Sales development professionals invariably spend a fair portion of their time massaging prospect lists and prospect data in spreadsheets. We certainly do more than our fair share of spreadsheet hackery at RevBoss.
Here are a few of our favorite Google Sheets hacks that make life simpler for sales development pros. Some are pretty simple, others require a bit of lightweight web programming. I’ve explained everything in super simple terms to make these hacks useful to a broad audience. Skip to the end if you want to get right to the good stuff.
Find & Replace
This one should be pretty obvious, particular for cleaning up company names for email personalization. Find & Replace makes it easy to get rid of all of the abbreviations that come after business names like Inc, LLC, Ltd, etc.
It is actually pretty important to clean these up because it makes your personalization more effective. For example, no one would ever send an email that said “How are things at Acme Inc?” — you would say “How are things at Acme?” Luckily this is a 15-second fix with Find & Replace.
Your searches might include strings like:
- “, Inc”
- “, LLC”
- ” LLC”
- “, Ltd”
…all of which you can replace with “”. Make sure to include the comma and the space to catch the extra characters and to ensure that you don’t accidentally delete matches found in email addresses or names.
Split() / &
Split() and & provide a great way to clean up data and also to combine disparate data points into a single data point.
For example, you might have access to a list of raw data that includes a lot of extraneous data that you don’t want or not. If the data is well structured, you can often find a pattern, split the text with a specified delimiter, and then put the pieces back together as necessary.
I encountered this with a recent client engagement. We found a workable list of the target companies but the list included the stock ticker right after the company name, in the same cell as the company name. So I did this:
Which split the cell by spaces such that “Akamai Technologies AKAM” in one cell become three separate cells with values “Akamai”, “Technologies”, and “AKAM”.
I then did this:
Which is an If() statement that determined which cell included the ticker symbol — if E2 is blank then D2 is the ticker symbol from my split, which is what I want to delete. The cells to the right of the split were all blank, so I know that the first blank cell in a row is to the immediate right of the cell that I want to delete.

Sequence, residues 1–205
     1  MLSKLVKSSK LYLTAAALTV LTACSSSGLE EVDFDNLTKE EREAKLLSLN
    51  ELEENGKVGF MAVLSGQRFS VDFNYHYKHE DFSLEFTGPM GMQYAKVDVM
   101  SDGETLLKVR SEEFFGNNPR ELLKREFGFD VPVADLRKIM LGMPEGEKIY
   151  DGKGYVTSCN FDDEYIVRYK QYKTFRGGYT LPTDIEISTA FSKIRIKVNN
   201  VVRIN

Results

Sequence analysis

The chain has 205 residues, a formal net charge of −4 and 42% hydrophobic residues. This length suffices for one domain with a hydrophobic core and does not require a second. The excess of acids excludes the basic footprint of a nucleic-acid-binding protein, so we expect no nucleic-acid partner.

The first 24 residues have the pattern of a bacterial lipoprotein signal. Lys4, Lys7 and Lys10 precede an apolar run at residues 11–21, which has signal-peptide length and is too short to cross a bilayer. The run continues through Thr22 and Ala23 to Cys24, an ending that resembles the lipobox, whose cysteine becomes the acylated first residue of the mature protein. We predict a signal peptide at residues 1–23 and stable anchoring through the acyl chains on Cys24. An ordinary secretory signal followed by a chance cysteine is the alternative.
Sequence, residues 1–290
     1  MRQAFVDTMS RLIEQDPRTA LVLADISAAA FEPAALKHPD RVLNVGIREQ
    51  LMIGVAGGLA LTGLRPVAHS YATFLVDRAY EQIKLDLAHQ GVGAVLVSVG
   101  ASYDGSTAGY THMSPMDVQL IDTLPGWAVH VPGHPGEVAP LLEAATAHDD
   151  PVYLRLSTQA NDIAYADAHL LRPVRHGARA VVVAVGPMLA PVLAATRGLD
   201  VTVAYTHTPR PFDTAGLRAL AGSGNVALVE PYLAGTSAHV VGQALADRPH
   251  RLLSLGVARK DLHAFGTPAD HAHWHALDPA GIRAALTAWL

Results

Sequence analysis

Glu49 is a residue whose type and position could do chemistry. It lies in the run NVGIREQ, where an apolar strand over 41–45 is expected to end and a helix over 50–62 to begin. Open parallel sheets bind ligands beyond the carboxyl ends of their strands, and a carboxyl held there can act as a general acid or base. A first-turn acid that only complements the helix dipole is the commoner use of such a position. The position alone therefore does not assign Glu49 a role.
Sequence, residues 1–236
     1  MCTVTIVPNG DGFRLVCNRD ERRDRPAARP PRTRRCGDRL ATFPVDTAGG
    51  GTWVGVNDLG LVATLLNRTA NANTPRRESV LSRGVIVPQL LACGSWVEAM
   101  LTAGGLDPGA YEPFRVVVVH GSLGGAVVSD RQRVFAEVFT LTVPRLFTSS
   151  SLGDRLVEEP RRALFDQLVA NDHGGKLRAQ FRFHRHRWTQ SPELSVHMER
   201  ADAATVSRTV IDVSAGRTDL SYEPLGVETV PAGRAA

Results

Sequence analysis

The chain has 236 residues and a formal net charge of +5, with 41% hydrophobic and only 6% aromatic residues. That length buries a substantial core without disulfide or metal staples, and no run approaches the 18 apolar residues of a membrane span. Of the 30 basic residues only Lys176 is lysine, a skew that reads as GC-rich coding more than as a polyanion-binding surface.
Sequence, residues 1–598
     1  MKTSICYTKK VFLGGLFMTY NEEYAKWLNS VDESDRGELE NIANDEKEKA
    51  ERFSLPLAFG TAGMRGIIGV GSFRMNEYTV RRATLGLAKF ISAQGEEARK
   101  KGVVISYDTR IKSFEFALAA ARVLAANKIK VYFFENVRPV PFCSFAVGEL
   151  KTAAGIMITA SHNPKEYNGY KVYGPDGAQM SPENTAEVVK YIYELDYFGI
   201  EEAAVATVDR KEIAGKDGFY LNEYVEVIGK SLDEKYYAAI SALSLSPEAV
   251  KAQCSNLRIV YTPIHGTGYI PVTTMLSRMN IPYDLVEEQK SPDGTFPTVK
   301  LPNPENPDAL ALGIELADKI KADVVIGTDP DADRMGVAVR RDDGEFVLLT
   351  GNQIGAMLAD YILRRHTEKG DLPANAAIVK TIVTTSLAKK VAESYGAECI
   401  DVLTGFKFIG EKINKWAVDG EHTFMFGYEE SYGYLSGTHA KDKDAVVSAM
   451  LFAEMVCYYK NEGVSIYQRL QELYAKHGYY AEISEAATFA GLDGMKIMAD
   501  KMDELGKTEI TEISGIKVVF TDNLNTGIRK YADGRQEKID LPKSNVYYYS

I drug this formula across the columns resulting from the split and got a clean set of company name components in separate cells, which I joined together like this:
=J2&" "&K2&" "&L2&" "&M2&" "&N2
The & function simply threads together the content from select cells with whatever copy you like, which were simply spaces in this case. Some of the company names were long and some where short, so I ended up joining up some blank spaces — which I cleaned up by using…
Trim() is pretty straightforward — it cleans up all of the extra spaces include in a cell, before and after the first and last character. Very useful for cleaning up your data so that spacing looks right around personalized merge fields.
Much like Trim(), Proper() is also pretty simple — it corrects all capitalization to the proper case by capitalizing the first letter of each word in the cell. This is great for scrubbing out all caps, all lowercase, and whatnot.
ImportHTML() can save TONS of time when you’re copying large data sets from tables online, i.e. list of something from Wikipedia. Copy/Paste works in some cases, but you’re almost always left with lots of clean-up. ImportHTML() essentially recreates the online table in a spreadsheet so that it is ready to go right away and much easier to manipulate.
This code will grab the list of North Carolina Tar Heels inducted into the Naismith Basketball Hall of Fame from Wikipedia and dump the data into a table in your Google Spreadsheet:
Simply tell the formula the URL that contains the data you want, the type of data structure (usually “table” or “list”) you want to scrape, and the sequence number of the table or list you want — the 5th table on the page in my example. Changing the “5” in my example to a “6” will get you a list of Tar Heels that played or coached in the Olympics.
I definitely saved the best for last. ImportXML() is amazingly useful. In short, it can turn Google Sheets into a massive, free web scraper. You’ve just got to be comfortable mucking around with XPath.
The feature works great and pretty easily with XML. I’ve been able to make it work with well-structured HTML, but it can be a real pain to dive deep inside a page to pluck that single important data point. In a few cases, I’ve stopped myself 20 or so minutes into an XPath boondoggle and simply tasked out the “scrape” to Mechanical Turk.
As a quick HTML example, here is some code I used to scrape the homepage URL from a list of Crunchbase URLs:
I used the URLs to back into a best-guess email domain, which I used to brute force guess (via MX validation) the email addresses of the CEOs at the companies…with surprisingly effective results.
As another example, Here is some code I frequently use to get the Alexa rank from a URL:
This is useful for prioritizing and pre-qualifying companies based on site traffic estimates.
There are many, many other ways that ImportXML() can be enormously useful — just use your imagination, don’t be afraid of trial/error, and make use of resources like StackOverflow to find quick shortcuts.
So those are some of RevBoss’ tricks, though I’m constantly testing and learning more. Got anything I should add to the list?